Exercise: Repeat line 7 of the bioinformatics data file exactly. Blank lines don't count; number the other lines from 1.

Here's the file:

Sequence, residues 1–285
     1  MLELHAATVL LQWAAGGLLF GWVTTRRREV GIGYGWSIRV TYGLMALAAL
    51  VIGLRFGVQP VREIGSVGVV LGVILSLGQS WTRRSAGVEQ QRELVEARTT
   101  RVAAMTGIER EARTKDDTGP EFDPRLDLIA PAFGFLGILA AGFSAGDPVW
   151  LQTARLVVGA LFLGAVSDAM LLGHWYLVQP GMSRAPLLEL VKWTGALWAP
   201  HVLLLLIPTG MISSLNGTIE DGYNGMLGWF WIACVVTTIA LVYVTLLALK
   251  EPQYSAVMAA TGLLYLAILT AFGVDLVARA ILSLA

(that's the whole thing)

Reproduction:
   251  EPQYSAVMAA TGLLYLAILT AFGVDLVARA ILSLA